One of the Metro representatives I talked to mentioned an idea for the complex Pico and Gateway intersection that included cyclists crossing to a sidewalk, riding the wrong way on the sidewalk to a crosswalk further down Pico, crossing at a ped crossing, and riding on the sidewalk against traffic again, this time backtracking, in order to bridge the gap to the next section of path. I mentioned how much simpler it would be if a quick bike only signal phase were added, like I saw in Portland to bridge a connection from a bike path to a bike lane. Anytime this idea was mentioned I received a lecture in a very patronizing tone about how nothing can ever be done to effect that green time for cars, and cars, cars, cars, they will back up.
(Diagonal Bike Signal Crossing Connecting Off-Street Path To A Bike Lane In Porland)
I do want to take a closer look at this intersection in person, but looking at the satellite view, it seems another approach might be to have mixed bike-ped crossing at Pico down to corner at gateway, and create a bike box for cyclists to queue into without blocking the crosswalk, and then ride straight across Pico to the next section of path.
(Portland bike boxes, pictured right is a box for making a 2 phase left turn for cyclists uncomfortable getting over and making a left from left turn lane.)
I did not get the impression that creative thinking way going into how to approach these important connections. Asking cyclists to ride against traffic on the sidewalk, a pattern of riding that results in numerous collisions at driveways and intersections, and is highly discouraged in safe cycling instruction is not an acceptable option.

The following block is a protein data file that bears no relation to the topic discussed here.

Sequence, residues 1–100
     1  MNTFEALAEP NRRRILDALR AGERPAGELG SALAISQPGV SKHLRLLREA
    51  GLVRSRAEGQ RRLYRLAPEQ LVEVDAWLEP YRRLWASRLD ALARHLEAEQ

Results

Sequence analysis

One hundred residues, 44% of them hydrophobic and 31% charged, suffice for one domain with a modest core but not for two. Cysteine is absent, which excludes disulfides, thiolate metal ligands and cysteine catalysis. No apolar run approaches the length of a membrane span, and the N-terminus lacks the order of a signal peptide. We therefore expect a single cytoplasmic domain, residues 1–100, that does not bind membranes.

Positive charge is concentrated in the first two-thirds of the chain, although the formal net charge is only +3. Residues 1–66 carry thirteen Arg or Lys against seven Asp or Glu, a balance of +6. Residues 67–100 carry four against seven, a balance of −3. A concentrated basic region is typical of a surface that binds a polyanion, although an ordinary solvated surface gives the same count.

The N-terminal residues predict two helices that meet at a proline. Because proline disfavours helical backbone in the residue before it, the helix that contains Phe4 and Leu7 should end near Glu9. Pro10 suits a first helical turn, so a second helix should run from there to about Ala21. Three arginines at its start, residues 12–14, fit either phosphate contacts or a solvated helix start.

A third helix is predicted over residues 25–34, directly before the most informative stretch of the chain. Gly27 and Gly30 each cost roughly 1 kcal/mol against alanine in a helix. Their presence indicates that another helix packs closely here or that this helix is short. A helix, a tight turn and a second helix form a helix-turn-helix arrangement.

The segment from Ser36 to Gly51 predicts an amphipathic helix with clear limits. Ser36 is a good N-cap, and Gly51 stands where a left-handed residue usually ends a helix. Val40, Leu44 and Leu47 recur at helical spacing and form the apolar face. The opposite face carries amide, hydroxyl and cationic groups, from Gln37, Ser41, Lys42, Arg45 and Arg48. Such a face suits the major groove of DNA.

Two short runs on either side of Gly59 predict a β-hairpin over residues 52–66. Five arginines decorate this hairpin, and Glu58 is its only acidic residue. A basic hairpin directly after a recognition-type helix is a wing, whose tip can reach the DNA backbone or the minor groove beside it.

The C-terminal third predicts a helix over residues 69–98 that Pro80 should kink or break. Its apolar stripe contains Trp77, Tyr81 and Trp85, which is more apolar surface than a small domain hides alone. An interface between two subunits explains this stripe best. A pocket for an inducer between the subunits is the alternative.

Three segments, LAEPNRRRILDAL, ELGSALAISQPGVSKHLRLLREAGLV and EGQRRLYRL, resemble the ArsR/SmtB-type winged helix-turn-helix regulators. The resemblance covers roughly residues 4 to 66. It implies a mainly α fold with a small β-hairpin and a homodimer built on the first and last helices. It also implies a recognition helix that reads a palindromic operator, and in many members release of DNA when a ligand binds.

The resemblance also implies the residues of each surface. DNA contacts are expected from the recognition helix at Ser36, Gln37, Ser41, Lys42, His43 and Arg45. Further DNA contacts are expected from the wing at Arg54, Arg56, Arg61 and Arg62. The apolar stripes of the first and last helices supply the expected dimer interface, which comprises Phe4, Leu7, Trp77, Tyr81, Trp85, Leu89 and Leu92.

Also worrisome is the trench where the train goes under the 10 freeway. Adjacent right of way is not yet secured. If it is not, the alternative route using residential streets would include some serious hill climbing. I'm not familiar enough with the area to really gauge how steep, but cyclists I talked to made it sound pretty serious, but I'll try and get over there to check that out as well. Concerning this area, what really boggled my mind, was hearing a Metro represenative seriously float the idea that cyclists wanting to ride the full route could always hop on the train for one stop. Really?! Seriously? We don't build highways for cars adjacent railways, then leave a gaping hole in the highway and then ask drivers to use the Amtrak Auto Train Service to get accross. Such absurd thinking shows how much bicycling is still an afterthought in the planning process.
This was just looking at a few parts of phase 2 going into the West Side, I'm even less familiar with phase 1 plans. After seeing and hearing what I did on Monday, I have very little confidence that cyclists are in good hands with Metro and LADOT.
If we want this Expo bike path and route to be anything remotely resembling a successful and viable cross town bicycling option, I think a lot more attention from bicycling activists needs to be directed at these plans. The handout directs questions comments and concerns to firstname.lastname@example.org, but I'm sure there is a laundry list of other contacts that would be relevant toward addressing these concerns. This is a major piece of infrastructure investment being put in, and some things can always be improved later, but that should not be counted on, and some things may be next to impossible to change later due to budget constraints. So let's make sure we get this thing done right.
Another meeting, basically a repeat of the one in Santa Monica on Monday, is happening tonight at Vista Del Mar Child and Family Services in the Gymnasium. 6:30-8:00 pm 3200 Motor Avenue Los Angeles, CA 90034.